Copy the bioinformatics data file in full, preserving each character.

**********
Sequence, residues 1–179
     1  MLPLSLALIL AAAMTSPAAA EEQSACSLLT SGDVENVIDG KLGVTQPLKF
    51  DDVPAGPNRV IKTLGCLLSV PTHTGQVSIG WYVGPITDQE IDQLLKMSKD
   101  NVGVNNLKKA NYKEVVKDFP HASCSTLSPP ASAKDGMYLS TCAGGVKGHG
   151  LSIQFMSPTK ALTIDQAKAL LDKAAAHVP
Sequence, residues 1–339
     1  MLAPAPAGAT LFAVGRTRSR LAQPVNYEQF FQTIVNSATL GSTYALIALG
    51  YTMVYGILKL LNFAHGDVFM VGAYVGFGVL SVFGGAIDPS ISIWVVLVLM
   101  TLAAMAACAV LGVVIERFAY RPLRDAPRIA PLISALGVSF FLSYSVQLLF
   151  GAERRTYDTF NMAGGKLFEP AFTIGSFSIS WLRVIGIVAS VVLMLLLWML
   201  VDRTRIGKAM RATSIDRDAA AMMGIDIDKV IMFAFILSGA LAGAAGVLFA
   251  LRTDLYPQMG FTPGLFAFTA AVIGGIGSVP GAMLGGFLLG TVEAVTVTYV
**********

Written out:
Sequence, residues 1–179
     1  MLPLSLALIL AAAMTSPAAA EEQSACSLLT SGDVENVIDG KLGVTQPLKF
    51  DDVPAGPNRV IKTLGCLLSV PTHTGQVSIG WYVGPITDQE IDQLLKMSKD
   101  NVGVNNLKKA NYKEVVKDFP HASCSTLSPP ASAKDGMYLS TCAGGVKGHG
   151  LSIQFMSPTK ALTIDQAKAL LDKAAAHVP
Sequence, residues 1–339
     1  MLAPAPAGAT LFAVGRTRSR LAQPVNYEQF FQTIVNSATL GSTYALIALG
    51  YTMVYGILKL LNFAHGDVFM VGAYVGFGVL SVFGGAIDPS ISIWVVLVLM
   101  TLAAMAACAV LGVVIERFAY RPLRDAPRIA PLISALGVSF FLSYSVQLLF
   151  GAERRTYDTF NMAGGKLFEP AFTIGSFSIS WLRVIGIVAS VVLMLLLWML
   201  VDRTRIGKAM RATSIDRDAA AMMGIDIDKV IMFAFILSGA LAGAAGVLFA
   251  LRTDLYPQMG FTPGLFAFTA AVIGGIGSVP GAMLGGFLLG TVEAVTVTYV